29 August 2009


What Makes a Great Frontman?

Writing this introduction is hard. You might as well ask me what makes a great cookie.

Let the record show that two sentences into a post about bands, I made an analogy to baking. I'm not very cool. Yet I keep going . . .

Well, obviously, a lead singer should be able to carry a tune. There must also be some sensitivity to lyrics, because words do mean something (unless, perhaps, they were written by Noel Gallagher).

A unique sound definitely helps; nobody really wants to listen to someone who sounds just like somebody else. (I guess this means the jury is still out on Steve Perry soundalike Arnel Pineda joining Journey? He does sound great, though.)

My own favourite element is the showmanship necessary for a singer to pull his own weight in a live show. Singing live is practically a test of character.

My Top 5 Lead Singers

1) Jon Bon Jovi (Bon Jovi)

Have you ever tried singing a Bon Jovi song? It's not as easy as their insouciantly glam rock image would make you think.

Despite the huge demand for Always, they don't perform it live very often, because of the strain it puts on their frontman's voice.

26 August 2009


Writing Diary, Entry #8

It is late August, so the editorial staff of monthly magazines are thinking of their October issues. If this isn't "Child of the 80s" meets "Freelance Writer" territory, then I don't know what is. If I had had more foresight, I would have spent the past two weeks peddling my unique pop culture experience to edgy editors.

Turnabout, Fair Play and . . . Spandau Ballet

The 60s had The Beatles and The Rolling Stones.

Photobucket vs. Photobucket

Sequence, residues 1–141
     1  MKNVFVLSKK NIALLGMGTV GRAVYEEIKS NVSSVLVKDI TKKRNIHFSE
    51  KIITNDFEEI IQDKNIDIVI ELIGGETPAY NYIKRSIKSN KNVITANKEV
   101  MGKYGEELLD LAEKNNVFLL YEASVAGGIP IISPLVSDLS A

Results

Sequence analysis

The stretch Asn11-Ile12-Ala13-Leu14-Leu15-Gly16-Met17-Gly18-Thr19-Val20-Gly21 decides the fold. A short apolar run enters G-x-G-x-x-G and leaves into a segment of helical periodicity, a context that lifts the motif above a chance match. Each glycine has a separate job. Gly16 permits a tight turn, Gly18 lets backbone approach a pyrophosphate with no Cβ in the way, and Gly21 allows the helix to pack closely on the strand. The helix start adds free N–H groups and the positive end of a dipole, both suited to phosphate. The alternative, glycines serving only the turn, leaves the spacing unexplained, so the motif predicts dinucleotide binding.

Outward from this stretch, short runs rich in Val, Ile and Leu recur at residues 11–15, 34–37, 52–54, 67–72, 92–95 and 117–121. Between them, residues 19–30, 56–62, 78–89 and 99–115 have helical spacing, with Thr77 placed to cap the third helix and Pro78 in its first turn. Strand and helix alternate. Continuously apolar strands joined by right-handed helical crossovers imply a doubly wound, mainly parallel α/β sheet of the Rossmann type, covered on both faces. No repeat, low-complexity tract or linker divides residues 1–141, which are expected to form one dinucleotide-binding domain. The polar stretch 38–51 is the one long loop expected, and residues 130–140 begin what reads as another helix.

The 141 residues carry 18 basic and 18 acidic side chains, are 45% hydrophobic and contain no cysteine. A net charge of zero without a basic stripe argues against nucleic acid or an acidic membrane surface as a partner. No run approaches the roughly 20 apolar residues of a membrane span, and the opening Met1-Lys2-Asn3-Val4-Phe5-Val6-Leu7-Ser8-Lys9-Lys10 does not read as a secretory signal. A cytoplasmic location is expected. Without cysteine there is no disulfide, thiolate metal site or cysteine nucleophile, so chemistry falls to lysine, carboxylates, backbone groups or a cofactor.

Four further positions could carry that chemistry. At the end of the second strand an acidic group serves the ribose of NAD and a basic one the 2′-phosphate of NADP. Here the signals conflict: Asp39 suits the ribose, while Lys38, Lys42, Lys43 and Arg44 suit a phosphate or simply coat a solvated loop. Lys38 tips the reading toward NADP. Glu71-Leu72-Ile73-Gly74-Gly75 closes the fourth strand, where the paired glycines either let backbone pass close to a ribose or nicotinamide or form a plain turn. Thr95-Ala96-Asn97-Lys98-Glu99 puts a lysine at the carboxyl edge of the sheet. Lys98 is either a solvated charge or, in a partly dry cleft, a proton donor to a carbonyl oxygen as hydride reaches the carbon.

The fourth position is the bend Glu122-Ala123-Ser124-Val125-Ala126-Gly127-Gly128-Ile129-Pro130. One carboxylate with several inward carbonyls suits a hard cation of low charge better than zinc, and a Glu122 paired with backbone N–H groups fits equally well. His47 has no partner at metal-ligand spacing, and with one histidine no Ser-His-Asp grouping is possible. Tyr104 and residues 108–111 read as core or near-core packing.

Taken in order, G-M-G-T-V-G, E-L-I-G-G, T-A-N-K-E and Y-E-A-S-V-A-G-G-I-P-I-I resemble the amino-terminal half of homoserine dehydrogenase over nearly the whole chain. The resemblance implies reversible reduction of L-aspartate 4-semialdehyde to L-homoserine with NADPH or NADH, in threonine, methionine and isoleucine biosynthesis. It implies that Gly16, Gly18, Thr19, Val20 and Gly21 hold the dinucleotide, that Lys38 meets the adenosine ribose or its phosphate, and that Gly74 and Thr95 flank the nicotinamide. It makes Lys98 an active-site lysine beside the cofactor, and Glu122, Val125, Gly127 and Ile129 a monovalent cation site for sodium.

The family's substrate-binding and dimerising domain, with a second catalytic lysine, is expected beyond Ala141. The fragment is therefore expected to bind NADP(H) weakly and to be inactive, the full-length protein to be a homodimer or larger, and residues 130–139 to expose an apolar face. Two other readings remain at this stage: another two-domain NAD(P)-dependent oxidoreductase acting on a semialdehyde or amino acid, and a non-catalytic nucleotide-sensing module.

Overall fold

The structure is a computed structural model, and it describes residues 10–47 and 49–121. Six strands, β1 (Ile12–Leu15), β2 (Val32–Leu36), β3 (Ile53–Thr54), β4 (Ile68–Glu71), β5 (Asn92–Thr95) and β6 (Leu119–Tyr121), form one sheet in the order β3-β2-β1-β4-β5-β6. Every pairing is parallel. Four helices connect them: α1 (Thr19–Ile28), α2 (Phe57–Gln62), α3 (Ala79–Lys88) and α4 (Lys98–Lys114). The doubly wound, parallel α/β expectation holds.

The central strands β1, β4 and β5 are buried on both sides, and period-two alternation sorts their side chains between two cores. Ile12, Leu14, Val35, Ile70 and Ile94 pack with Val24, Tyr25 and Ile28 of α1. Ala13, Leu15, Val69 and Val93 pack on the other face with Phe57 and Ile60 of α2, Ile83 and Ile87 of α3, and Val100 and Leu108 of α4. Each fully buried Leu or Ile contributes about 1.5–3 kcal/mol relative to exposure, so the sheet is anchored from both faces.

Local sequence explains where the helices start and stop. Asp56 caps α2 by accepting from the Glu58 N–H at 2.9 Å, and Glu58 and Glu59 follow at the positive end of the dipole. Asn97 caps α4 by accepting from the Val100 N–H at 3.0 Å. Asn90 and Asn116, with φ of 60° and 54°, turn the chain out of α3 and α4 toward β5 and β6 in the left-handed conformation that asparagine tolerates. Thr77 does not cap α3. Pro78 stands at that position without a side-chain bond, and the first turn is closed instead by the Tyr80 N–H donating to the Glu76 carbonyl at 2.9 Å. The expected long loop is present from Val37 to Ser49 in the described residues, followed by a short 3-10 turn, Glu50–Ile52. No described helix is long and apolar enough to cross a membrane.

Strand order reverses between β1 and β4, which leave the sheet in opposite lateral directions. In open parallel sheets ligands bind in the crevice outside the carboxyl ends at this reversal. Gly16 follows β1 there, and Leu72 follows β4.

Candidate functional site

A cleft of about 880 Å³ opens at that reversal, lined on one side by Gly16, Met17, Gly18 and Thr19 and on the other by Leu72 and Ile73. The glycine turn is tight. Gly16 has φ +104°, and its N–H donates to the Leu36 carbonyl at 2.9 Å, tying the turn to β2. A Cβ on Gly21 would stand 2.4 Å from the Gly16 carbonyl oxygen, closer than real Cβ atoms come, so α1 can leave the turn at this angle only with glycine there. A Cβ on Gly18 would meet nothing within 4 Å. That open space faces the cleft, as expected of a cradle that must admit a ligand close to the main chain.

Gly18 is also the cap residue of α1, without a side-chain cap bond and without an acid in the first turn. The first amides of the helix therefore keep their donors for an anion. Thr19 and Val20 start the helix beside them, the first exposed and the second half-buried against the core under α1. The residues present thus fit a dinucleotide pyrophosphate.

The 90s had Blur and Oasis.

Blur Converse vs. Photobucket

The 80s had Duran Duran and Spandau Ballet!

Photobucket vs. SpandauBallet

(The 70s, you ask? They slipped by me in a blur, so I wouldn't know. I'm sorry.)

23 August 2009


Ten Things about Up

10) I'm still humming the score. It sounds exactly like thousands of multicoloured balloons!

9) I love Pixar so much that I will believe almost anything.

For instance, I will believe that ordinary helium balloons can make a house fly, that an old man and an overweight little boy can drag a floating house along, and that a mad genius can design a collar that translates dog thoughts into human languages.

Yet there were so many other things about those dogs I simply could not buy . . . (Don't worry. I won't spoil them for you. Besides, you might buy them.)

8) Still . . . "I was hiding under your porch because I love you." . . . I love you, too, Dug. =)

7) One last thing about the dogs: I found it quite amusing that the leaders of the pack are named after Greek letters.

21 August 2009


Friday Night Movie: Commando

I just got back from watching Pixar's Up with my brothers. It's not going to be easy to go from its lovely orchestral score and multicoloured balloons to Arnold Schwarzenegger in all his 80s glory . . . but I'd do anything for my loyal Bloggians. So "let's party" now, aye?

0:49 Hmmmmmm. I wonder how many other Schwarzenegger movies start with a garbage truck.
1:08 She went to bed in full make up???
1:11 And wakes up that gorgeous???
2:02 A mystery of the movies: Why is it that somebody shot with a pistol hits the ground immediately, while somebody riddled with machine gun fire does a little dance first?
2:08 Hey! It's Mac from Predator! =D
2:16 "Now that is American workmanship!" Is this an ironic joke?
4:00 Antennae . . . So twentieth century!
4:09 Now the score kicks in . . . So Techno.
4:46 Does anyone else thinks it's starting to sound like a campy kung fu movie?
5:02 I'll bet that "tree" is made of styrofoam!
5:19 I know something you don't know . . . But don't worry. I won't spoil it for you.
5:36 "Oh, Daddy! Put me down!" What I know that you now know, too, is what Alyssa Milano's shadow looks like.
5:57 Ha! I'll bet that if one of Schwarzenegger's real-life daughters did that, there would be heck to pay.
6:09 Strong . . .
6:14 . . . yet sensitive!
7:24 I like that smile. It really looks as if he didn't know that note was going to be there. =)
7:52 "Why don't they just call him 'Girl George'? It would cut down all the confusion." I once wondered the same thing myself!